More than 25% of NYSE stocks sold short
Shorting is more significant than anecdotal evidence suggests. The high percentage of short sales may be attributed to the rise in the number of hedge funds.
Data analysing short sales made on the New York Stock Exchange from February to the end of July this year show that shorting is more significant than anecdotal evidence suggests. About 300 million of 1.16 billion shares traded daily are sold short, reveal the data, put together by Robert Shapiro, chairman of economics consultancy Sonecon and former under secretary of commerce for economic affairs.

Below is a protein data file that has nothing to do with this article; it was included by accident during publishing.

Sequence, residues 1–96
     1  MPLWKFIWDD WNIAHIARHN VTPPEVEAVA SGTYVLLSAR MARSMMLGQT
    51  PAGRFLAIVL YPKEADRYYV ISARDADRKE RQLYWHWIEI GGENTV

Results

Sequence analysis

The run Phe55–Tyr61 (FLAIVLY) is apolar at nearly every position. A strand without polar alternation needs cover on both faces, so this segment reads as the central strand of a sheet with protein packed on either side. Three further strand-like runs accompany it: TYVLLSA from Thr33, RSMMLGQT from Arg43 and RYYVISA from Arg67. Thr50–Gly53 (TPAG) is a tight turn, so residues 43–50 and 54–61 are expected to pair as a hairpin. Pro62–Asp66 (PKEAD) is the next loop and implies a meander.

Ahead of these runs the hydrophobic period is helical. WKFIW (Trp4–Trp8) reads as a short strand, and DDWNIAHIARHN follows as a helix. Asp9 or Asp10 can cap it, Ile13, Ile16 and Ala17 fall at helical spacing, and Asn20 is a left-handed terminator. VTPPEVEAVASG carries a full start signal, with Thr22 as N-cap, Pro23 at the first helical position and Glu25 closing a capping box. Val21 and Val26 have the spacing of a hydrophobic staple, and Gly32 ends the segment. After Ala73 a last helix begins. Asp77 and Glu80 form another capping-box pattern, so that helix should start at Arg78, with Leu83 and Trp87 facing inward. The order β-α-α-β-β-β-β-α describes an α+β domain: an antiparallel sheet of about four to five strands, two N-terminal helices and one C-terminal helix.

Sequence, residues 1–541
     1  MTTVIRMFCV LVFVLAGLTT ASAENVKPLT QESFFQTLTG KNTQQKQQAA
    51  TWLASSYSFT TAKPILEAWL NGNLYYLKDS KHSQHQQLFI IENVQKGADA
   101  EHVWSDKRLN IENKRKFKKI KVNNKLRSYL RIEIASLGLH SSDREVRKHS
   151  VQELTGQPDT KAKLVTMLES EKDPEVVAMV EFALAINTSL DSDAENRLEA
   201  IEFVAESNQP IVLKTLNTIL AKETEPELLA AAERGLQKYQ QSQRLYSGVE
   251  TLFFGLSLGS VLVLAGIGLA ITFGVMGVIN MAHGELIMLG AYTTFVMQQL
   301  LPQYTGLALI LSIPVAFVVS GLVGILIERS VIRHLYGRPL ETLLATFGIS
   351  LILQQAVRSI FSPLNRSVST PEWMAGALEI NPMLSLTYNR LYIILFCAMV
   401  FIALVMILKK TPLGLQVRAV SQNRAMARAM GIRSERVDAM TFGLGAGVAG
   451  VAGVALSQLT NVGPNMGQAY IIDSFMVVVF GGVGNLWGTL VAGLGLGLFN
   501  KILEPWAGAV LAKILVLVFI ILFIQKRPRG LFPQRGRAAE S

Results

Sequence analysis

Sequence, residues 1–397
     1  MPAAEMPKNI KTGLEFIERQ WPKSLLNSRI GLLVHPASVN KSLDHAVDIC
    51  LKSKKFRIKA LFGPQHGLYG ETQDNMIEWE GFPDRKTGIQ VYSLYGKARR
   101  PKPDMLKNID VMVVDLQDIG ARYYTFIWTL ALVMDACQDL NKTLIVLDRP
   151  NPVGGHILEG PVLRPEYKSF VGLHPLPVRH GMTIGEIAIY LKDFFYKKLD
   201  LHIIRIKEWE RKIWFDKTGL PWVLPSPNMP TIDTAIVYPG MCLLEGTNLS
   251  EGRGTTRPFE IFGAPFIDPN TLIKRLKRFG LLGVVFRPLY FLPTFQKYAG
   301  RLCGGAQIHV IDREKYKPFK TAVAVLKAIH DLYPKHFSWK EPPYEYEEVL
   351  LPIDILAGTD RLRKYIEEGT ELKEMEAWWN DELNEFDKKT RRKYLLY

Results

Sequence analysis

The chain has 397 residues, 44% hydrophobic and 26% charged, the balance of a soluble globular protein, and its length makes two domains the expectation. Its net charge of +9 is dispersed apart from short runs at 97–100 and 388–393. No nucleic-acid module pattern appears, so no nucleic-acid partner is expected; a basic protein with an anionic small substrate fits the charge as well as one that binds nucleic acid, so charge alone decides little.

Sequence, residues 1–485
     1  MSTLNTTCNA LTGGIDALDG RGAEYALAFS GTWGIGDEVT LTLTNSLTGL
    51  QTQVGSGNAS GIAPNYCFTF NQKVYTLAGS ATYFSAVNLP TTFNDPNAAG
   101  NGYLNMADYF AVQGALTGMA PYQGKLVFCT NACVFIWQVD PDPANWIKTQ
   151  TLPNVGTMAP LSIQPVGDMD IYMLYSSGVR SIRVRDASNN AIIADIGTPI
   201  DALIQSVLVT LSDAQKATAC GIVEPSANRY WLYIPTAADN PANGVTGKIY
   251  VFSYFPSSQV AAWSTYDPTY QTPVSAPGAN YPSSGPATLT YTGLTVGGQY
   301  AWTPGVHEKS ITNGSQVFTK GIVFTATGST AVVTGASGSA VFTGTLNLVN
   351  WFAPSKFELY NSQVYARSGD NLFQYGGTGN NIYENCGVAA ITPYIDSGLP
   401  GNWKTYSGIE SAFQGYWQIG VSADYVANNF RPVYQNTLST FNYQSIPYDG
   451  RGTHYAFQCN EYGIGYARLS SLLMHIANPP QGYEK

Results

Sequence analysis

Shapiro analysed all trades transacted through the Super Designated Order Turnaround System (SDOT) over a six-month period. The SDOT captures more than 85% of all orders executed on the NYSE. For the purposes of the study, Shapiro excluded closed-end funds and exchange-traded funds.
From February 1 to July 31 the daily short sale ratio for NYSE-listed stocks averaged 25.5%, with monthly averages ranging from 24% in March to 27.2% in July.
“The data show that short sales have become a very pervasive trading strategy,” says Shapiro. “That is quite remarkable. This is not a period in which there is any particular pessimism. Moreover, this sample does not include ETFs, which can have enormous numbers of shorts.” Shapiro attributes the high percentage of short sales to the rise in the number of hedge funds.